Maximum concentricity is achieved by finishing the plate with the pulley mounted in its final position on the lathe spindle shaft. Taig pulley bores seem to vary quite a bit in diameter. Some are tight and some loose. In this case, I had to wrap the shaft with .001" brass shim stock to get a good fit.
A friend actually had to bore and bush an extremely loose pulley. If you're adapting your original pulley you should be safe but a new one could be troublesome.
Turn the headstock end for end and mount the spare pulley outboard in the three jaw chuck reversing the previously made machining adapter for use as a mandrel. Use the topslide to be sure the tool can travel right up to the headstock, especially if you have bed wipers installed on the carriage.
True up the plate diameter and reduce to a size you like. In my case, it only had to be enough so that it was below the top of the headstock.
Both rows of index holes will be drilled with the pulley in this position so it can now be regarded as more or less permanently installed.
I've seen quite a few references to improvised indexing techniques using circular saw blades but have never found a detailed how-to description. The following describes how I did it on the drill press but it should work equally well using a mill.
Mount the blade on a mandrel made with a couple of nuts on a short, headless 5/8" bolt held in the three-jaw chuck. Incremental rotation of the blade is controlled and locked with the simple device shown in Fig 3.2.6. The rubber band driven detent is very positive but the blade can still move
under torque. Such movement is prevented by a couple of turns on the hand knob to lock the blade by pinching it tightly between the pads of the disc brake. The assembly is most easily positioned by locking it onto the blade and then C-clamping it to the base.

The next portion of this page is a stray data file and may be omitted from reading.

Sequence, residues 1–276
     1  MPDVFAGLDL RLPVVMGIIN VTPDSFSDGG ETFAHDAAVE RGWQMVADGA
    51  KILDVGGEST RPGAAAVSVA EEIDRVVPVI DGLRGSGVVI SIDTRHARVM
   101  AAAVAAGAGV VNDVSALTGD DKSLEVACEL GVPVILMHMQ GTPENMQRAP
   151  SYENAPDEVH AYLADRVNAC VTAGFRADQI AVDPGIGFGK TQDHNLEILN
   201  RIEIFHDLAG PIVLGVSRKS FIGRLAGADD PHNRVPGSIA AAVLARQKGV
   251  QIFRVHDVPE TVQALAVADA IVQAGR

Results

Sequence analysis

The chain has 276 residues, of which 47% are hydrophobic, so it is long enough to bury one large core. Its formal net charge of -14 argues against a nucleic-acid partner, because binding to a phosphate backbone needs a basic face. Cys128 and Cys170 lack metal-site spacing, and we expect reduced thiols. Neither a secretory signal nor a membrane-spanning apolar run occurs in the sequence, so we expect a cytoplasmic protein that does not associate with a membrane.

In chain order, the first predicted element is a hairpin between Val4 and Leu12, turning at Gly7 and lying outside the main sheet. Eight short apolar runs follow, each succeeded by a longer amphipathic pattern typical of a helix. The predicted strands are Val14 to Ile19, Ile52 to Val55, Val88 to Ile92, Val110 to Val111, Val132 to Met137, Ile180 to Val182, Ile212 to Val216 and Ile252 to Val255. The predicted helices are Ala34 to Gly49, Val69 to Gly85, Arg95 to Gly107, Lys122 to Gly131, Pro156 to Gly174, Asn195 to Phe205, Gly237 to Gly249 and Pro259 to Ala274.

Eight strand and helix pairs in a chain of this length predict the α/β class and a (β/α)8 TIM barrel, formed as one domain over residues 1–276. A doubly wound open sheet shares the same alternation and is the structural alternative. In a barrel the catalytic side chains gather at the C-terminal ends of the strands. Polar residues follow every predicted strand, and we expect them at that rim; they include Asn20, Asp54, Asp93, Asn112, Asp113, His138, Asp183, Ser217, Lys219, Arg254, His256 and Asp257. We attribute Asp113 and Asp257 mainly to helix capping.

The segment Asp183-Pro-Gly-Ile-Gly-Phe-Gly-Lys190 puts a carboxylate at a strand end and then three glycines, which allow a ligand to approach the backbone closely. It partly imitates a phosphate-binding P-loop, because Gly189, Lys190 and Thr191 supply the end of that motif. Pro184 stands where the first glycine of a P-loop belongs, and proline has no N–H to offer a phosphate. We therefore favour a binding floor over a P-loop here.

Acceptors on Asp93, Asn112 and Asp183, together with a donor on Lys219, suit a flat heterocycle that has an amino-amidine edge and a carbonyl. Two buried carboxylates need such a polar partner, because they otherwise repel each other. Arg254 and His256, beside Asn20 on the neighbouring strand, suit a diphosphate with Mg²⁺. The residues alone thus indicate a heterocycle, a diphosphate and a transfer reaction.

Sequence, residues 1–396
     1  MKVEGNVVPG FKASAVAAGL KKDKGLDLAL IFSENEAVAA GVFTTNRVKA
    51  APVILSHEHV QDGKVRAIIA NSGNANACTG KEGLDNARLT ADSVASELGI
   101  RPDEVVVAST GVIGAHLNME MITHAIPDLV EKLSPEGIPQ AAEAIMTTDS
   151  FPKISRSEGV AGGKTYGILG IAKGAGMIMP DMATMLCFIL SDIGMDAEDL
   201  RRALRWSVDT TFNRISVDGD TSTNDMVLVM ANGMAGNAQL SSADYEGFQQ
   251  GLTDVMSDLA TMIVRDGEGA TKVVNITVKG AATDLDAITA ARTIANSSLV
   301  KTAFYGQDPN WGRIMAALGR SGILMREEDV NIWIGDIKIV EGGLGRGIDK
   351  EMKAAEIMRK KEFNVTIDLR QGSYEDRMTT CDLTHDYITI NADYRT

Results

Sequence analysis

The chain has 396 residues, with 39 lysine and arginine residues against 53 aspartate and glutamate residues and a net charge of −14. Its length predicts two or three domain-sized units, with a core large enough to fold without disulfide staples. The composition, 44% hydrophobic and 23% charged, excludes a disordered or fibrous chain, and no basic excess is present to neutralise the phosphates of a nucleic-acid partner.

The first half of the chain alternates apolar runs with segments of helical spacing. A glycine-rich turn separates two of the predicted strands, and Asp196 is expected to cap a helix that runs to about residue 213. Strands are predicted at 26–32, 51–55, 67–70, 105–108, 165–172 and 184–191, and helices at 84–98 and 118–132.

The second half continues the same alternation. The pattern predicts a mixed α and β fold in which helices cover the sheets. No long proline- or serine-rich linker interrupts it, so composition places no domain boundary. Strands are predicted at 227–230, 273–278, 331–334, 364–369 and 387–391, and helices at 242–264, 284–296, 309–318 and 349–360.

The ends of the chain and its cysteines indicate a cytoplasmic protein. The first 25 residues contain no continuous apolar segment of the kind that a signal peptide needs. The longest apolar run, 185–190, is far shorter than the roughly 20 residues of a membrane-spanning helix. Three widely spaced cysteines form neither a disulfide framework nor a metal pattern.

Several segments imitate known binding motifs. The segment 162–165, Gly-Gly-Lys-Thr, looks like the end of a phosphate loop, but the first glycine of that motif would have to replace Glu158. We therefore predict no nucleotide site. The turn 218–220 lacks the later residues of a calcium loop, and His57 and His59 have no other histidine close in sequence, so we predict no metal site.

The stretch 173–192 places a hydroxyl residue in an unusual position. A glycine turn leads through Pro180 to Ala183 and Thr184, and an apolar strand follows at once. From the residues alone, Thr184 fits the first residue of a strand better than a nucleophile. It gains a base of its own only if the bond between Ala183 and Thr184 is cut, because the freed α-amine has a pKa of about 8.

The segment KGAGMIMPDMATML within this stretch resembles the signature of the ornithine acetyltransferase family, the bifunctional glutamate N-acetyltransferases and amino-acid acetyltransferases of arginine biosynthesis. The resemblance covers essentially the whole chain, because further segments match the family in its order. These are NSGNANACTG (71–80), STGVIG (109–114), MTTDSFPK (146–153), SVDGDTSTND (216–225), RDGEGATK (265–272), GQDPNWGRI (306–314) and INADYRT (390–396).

Here is a detailed look at the Detent/Lock Assembly.
The frame is made from scrap 3/4" plywood. The detent lever is bent from a 3" flat corner brace. It's pivot is a 10-32 socket head cap screw self-threaded into a 5/32" hole. The stop and rubber band anchor are #8 wood
screws. The clamp and spacer bolts are 1/4-20 self-threaded into 7/32" holes from the back. The disk pad thicknesses are 3/8" fixed, 1/8" movable, allowing for any set in the saw teeth. The 2 1/2" hand knob makes locking quick and convenient but an ordinary hex or wing nut would do just as well.
Now the first row of holes can be drilled. Select and lock each tooth of the saw blade to rotate the index plate to each successive hole location. Use a #1 center drill, but only deep enough to come about half way up the 60° countersink. This gives about a 3/32" target cone for the detent.
Remove the detent mechanism and saw blade. Loosen the headstock, slide it along to line up with the line marked for the second row of holes and retighten. Install the next saw blade and reclamp the detent mechanism. Index and drill the second row of holes.
Here is the finished pulley and index plate.
All spring-loaded detents are pretty much the same and there's nothing special about this one.
Try to keep as little material as possible around the point where the detent enters the index plate hole. Otherwise it can be quite hard to see just which hole has been selected.
The #53 hole is to allow an .050 Allen key to be used for both tightening the knurled knob on the plunger and the whole assembly into the mounting plate.
The disengagement feature is not absolutely necessary and is hard to make without a mill or lathe milling attachment. In this case, the whole assembly would just be removed when not in use.